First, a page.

“Educated” by Tara Westover — Wow!

November 15, 2018

There’s a huge genre of “Parents from Hell” memoirs. Tara Westover’s is intensely gripping.

She was born in 1986 into an extremist Mormon family, standing in opposition to mainstream Mormons (whom they called “gentiles”) and everything in the outside world, including doctors, hospitals, medicine, the government, and of course the schools, all seen as a socialist/Satanic/Illuminati (yes) conspiracy. Tara was home-schooled — notionally. In fact she learned almost nothing apart from Mormon dogma.

Her mom practiced midwifery and was much into herbalism, “essential oils,” and homeopathy as their alternative to conventional medicine. “Homeopathic” remedies are a fraud, they’re plain water. Several times Tara noted that when treated with these “tinctures” they had no effect (not even a placebo effect, which requires some belief). But she never fully acknowledges it was all hokum.

Father “Gene” ran a junkyard and construction business, into which all his kids were dragooned. In lieu of ordinary safety precautions, Gene relied upon the Lord. But the Lord was not reliable, and OSHA’s writ did not run here. The book is a litany of nasty accidents, including two car crashes, one probably leaving Tara’s mother brain damaged. At ten, working in the junkyard, Tara barely escaped from inside a forklift loader dumping tons of scrap iron, her father oblivious to the danger. A brother was severely burned using a torch after having been doused in gasoline.

Finally, Gene himself used a torch on a wrecked car without bothering to drain its gas tank. It literally blew up in his face. All these accidents were handled using only mom’s concoctions. Gene’s injuries were horrific, but he did survive, albeit badly disfigured and partly crippled. Nevertheless, word spread about this “miracle healing” — causing mom’s herbal business to go viral. And the Westovers became rich.

Before that, Tara decided to go to college, to Brigham Young University. One older brother had similarly escaped the Westover la-la land. Tara crammed alone for the college entrance exam and scored well. Lying to BYU that her home schooling had entailed a rigorous curriculum, she was accepted. Only at college did Tara begin to grasp the depth of her ignorance and outsiderhood.

Long story short, she winds up with scholarships to Cambridge and Harvard, and a PhD in history.

But the real story is Tara’s wrestling with her relationship with her family — and with her own identity which, throughout, remained shaped by that relationship.

Her dad was not okay with her educational pilgrimage. He invoked God’s wrath against her. Tara was considered treasonous, dangerous, possessed by Satan. And a big part of her problem was the degree to which she herself bought into all this: “It was not that I had done something wrong so much as that I existed in the wrong way. There was something impure in the fact of my being.” Indoctrinated to loathe herself, she did so.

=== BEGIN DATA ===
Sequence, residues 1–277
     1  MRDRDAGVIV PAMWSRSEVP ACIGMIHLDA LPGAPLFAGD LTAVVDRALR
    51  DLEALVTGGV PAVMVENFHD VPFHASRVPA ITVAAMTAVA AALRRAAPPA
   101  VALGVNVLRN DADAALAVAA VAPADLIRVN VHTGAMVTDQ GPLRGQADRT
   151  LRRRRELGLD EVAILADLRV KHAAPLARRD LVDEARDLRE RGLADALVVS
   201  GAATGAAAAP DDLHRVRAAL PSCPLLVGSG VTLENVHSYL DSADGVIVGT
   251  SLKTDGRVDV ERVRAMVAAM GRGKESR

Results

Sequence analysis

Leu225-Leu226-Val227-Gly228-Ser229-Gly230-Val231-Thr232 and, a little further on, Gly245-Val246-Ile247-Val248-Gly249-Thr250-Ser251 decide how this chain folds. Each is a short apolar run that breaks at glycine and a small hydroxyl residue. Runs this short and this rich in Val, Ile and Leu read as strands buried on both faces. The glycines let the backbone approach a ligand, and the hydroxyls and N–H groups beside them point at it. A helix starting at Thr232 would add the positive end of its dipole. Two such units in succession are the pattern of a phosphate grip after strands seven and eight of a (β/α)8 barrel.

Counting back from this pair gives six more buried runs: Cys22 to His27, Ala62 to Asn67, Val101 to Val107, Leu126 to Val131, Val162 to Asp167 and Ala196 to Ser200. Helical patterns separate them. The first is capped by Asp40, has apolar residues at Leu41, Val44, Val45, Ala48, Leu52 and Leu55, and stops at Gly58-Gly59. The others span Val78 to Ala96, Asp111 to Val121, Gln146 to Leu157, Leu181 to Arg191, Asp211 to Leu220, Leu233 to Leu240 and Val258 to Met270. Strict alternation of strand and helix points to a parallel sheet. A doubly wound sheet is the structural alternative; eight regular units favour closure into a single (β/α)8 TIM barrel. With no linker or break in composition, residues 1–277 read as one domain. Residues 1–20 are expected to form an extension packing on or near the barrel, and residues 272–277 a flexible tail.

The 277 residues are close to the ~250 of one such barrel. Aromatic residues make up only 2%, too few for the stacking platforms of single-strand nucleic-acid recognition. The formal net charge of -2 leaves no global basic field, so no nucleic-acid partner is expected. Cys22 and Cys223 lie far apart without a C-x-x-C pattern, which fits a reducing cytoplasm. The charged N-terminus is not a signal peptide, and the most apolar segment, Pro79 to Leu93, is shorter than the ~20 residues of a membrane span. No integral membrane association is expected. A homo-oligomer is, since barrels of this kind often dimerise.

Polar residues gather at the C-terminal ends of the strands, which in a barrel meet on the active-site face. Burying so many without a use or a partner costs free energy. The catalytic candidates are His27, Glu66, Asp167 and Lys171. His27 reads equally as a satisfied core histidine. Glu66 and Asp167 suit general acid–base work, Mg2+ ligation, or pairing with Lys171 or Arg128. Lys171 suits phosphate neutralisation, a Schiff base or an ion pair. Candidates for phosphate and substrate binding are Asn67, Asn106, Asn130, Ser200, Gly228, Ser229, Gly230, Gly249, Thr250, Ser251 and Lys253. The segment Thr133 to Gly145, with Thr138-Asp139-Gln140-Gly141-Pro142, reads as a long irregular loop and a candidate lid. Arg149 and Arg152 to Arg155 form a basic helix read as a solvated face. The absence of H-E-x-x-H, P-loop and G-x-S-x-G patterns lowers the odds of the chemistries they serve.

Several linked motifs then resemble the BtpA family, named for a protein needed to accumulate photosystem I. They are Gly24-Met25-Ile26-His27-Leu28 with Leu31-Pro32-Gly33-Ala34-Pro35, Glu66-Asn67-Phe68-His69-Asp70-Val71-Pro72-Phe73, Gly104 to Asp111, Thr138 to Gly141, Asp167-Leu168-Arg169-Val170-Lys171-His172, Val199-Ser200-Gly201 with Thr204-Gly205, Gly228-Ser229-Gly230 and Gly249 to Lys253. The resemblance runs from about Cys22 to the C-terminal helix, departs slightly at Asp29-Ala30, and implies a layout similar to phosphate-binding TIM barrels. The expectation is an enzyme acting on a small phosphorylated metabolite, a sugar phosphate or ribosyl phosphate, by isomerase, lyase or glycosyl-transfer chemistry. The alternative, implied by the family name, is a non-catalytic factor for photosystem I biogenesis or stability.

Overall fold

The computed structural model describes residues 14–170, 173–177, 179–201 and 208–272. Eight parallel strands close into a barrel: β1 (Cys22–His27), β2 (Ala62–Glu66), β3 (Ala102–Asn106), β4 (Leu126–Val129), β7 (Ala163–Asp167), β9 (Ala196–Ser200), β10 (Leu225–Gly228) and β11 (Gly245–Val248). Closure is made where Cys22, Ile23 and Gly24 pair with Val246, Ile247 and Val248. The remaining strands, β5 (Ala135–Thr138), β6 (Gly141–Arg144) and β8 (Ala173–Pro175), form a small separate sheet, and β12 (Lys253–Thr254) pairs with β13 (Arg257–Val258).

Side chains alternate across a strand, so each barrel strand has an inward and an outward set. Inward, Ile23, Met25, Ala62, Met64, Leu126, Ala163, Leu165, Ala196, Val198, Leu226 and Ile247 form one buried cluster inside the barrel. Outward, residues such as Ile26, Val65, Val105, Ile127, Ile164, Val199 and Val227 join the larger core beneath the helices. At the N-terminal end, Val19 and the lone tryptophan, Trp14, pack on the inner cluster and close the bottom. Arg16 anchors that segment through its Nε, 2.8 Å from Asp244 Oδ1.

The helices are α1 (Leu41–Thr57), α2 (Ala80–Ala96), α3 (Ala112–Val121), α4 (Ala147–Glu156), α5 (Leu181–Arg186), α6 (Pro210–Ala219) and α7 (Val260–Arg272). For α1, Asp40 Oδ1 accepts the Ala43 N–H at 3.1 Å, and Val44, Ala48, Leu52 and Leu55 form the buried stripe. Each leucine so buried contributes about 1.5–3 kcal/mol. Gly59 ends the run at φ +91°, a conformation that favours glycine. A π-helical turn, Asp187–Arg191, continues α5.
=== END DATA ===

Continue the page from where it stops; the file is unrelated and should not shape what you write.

Tara was particularly hung up on the word “whore,” flung by a brother who repeatedly violently abused her (though not, overtly, sexually). Mormons in general are obsessed with antediluvian ideas about female chastity. This American Life recently profiled how Mormon “bishops” (volunteers, really) get their jollies formally interrogating young girls about matters sexual — deeply disturbing. But the Westovers were extreme even for Mormons, so terrorizing Tara that when, at about 17, she had a longtime dating relationship with a lad, she couldn’t even bear his touching her hand. And yet, accused of being pregnant, she imagined it could somehow be true.

Tara eventually figured out that her dad was, well, nuts. Bipolar, to be specific. I attended a talk she gave; asked whether the religious extremism made him crazy, she said it was really the other way around. But the nuttiness and religion obviously fed each other. Yet even while recognizing the pathology, Tara remained infused with a powerful tropism to belong to this tribe, hardly able to conceive of a personal identity exiled from it. (This power of tribal belongingness is seen in our politics.)

Her education entailed a series of epiphanies. I was gratified that one came from reading John Stuart Mill (who tops my own hit parade of thinkers), on how social conventions repress women, which “moved the world” for her.

Berlin

She also learned of Isaiah Berlin’s two concepts of freedom: external versus internal coercion, the latter a function of irrational beliefs and fears. Tara knew that applied to her, yet extrication was an almighty struggle. She suffered a paralyzing mental breakdown.

Toward the end I was like, “enough already,” impatient with Tara’s inability to break the hold of her toxic family and its absurd religion. It’s so revealing about the human mind. Tara surely had an extraordinary level of cognitive intelligence to overcome her educational deficits and achieve what she did. Yet she struggled to free herself from ideas she knew were irrational and messing up her life.

But the book has a happy ending — it is really a “triumph of the human spirit” book. Though nothing suggests Tara ever relinquished Mormonism, she finally did kiss off most of her immediate family, saying she hasn’t seen her parents in years.

When I went up to her, to have my book signed — she was extremely gracious at this, by the way — I asked her, “Do you love your parents?” I expected a nuanced, if not agonized, response. But Tara said, “Oh yes, absolutely!”